Tuesday, 11 November 2008

Open Lessons, Pepero Day

For the last month I've been teaching a 'special' lesson alongside my usual textbooks for two of my classes, at a significantly higher level than what the kids are used to, for the purpose of impressing their watching parents. We practiced every day, to the point that everybody became intensely bored with it and yearned for a return to the normal structure. But the parents don't want to see a standard lesson from the standard text book thereby giving an accurate representation of how their child is performing in school. No. They insist that we place them in battery cages and drill into their mushy heads twice a day the same regurgitated lesson for four long stultifying weeks.

Whatever. With my homeroom Cambridge 1 class we did the polar regions. I had them memorise how to spell Antarctica, where penguins live and who the first man to reach the north pole was, that sort of thing. We did the lesson last Thursday and it was a success, I think. No kids have quit yet, and I've been told that in the past, as a result of a substandard open lesson, they have.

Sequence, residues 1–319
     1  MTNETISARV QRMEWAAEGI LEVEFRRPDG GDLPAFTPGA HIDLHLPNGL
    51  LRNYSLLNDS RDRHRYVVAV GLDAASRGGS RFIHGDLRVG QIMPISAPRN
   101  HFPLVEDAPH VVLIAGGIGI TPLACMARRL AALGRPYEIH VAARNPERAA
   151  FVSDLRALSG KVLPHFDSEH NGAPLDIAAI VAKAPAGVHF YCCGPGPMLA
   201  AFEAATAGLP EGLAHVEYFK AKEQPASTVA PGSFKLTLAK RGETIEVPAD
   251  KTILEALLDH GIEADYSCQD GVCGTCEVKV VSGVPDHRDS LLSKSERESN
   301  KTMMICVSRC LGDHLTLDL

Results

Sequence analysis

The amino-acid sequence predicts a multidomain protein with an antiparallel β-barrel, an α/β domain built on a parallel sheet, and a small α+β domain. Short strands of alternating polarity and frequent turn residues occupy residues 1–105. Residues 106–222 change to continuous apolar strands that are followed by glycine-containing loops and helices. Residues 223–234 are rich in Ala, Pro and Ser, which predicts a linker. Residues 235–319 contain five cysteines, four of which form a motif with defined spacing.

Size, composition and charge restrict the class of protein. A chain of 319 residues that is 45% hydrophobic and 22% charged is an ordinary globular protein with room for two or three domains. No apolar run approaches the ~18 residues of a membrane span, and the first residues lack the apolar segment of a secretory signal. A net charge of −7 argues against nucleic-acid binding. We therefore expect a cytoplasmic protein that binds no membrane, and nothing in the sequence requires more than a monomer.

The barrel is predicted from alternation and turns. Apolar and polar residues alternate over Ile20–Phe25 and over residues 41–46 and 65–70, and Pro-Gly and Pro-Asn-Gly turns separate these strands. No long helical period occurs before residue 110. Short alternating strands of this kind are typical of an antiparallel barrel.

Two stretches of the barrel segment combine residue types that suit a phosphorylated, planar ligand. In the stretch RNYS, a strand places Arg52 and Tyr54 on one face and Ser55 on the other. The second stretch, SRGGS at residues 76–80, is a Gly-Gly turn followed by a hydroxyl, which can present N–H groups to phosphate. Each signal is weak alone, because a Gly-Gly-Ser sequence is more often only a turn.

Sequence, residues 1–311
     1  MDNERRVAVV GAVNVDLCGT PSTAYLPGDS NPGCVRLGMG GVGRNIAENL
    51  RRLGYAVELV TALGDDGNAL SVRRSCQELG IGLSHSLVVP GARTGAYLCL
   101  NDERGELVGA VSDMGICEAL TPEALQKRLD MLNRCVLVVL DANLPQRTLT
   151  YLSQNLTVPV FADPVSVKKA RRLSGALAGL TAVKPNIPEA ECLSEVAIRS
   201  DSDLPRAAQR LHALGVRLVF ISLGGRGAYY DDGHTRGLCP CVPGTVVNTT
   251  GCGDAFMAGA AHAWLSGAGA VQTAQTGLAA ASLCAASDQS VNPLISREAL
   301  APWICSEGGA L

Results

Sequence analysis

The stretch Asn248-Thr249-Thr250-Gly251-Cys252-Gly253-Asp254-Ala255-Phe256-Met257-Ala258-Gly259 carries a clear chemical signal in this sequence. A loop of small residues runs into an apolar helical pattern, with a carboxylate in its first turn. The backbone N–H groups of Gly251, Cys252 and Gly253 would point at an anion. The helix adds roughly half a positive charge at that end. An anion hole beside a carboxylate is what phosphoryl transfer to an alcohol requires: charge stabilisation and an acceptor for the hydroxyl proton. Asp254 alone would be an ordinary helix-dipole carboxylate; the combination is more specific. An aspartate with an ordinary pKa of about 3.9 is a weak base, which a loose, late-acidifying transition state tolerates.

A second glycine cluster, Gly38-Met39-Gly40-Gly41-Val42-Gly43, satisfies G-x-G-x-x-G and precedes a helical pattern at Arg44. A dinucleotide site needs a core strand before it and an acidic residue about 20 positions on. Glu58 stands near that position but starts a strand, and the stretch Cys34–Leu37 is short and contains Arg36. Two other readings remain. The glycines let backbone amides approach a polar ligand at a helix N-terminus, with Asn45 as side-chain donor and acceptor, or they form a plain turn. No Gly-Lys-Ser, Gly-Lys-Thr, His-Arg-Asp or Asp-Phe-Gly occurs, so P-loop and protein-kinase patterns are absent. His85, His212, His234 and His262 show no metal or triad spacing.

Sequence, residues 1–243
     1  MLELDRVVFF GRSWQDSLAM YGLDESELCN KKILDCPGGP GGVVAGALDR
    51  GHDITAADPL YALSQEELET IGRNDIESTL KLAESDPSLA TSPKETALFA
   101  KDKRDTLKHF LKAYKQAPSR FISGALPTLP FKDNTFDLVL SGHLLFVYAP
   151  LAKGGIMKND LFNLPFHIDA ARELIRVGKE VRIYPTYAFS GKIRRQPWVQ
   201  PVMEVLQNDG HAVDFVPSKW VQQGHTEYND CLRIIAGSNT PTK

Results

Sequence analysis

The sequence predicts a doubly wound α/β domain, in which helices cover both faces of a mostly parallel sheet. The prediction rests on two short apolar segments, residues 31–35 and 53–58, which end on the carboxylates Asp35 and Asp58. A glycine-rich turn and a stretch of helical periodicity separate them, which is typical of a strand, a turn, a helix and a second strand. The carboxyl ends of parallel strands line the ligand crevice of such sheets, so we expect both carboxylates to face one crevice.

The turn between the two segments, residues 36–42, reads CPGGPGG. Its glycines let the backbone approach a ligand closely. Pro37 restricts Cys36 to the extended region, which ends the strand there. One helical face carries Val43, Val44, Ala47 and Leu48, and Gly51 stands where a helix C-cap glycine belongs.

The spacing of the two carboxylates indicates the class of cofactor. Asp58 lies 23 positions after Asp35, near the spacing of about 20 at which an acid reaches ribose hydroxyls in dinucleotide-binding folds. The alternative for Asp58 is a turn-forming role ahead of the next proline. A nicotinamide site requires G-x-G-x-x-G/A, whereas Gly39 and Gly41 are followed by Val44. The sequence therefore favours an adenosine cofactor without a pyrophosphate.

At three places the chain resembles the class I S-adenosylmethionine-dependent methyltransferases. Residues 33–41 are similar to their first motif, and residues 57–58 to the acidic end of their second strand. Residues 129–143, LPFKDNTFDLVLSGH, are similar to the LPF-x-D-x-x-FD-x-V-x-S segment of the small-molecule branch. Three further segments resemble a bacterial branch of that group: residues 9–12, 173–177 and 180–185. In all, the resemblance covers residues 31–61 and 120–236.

Today I taught the prodigies in Harvard class the history of chocolate. They did quite well, considering they had to memorise and incorporate into sentences words like civilisation, conquistador, Xocolatl and Tenochtitlan (they're six). Jenny actually nailed 'Tenochtitlan' but came unstuck on the word 'milk'...

It was also unintentionally prescient of me to choose the history of chocolate as my open lesson, as today in Korea, it is Pepero Day. Although alliteratively connected, Peperos have nothing to do with poppies, and the celebrations are about as far removed from two minute silences as you're going to get. Peperos are biscuit sticks coated in chocolate, made by the Lotte conglomeration, given to "the special person in your life" on this day every year. Lotte thought up this celebratory day a few years ago, plumping for this date as written numerically it's 11/11, which, obviously, resembles four peperos. They're pretty basic to be honest, with little in the way of taste, but the kids can't get enough. And I, being their beloved teacher, have been showered with them. This flash video will explain nothing but click it anyway for further proof that Asia is just insane.


Remember: Dulce et decorum est... Pepero...

2 comments:

Chi-Hé said...

I had 3 kids leave one of my classes earlier this year due to the crappiest, worst planned open class ever in the history of open English classes in Korea, and to top it off the kids got shy and pretty much didn't say anything the whole half an hour. Maybe it was self-motivated though, since that's one class a day I don't have to teach anymore...

Michael said...

I recently had a couple of kids arrive in my class because of a crappy, badly-planned open day at another school. Your kids weren't called Alex and Jessie, were they?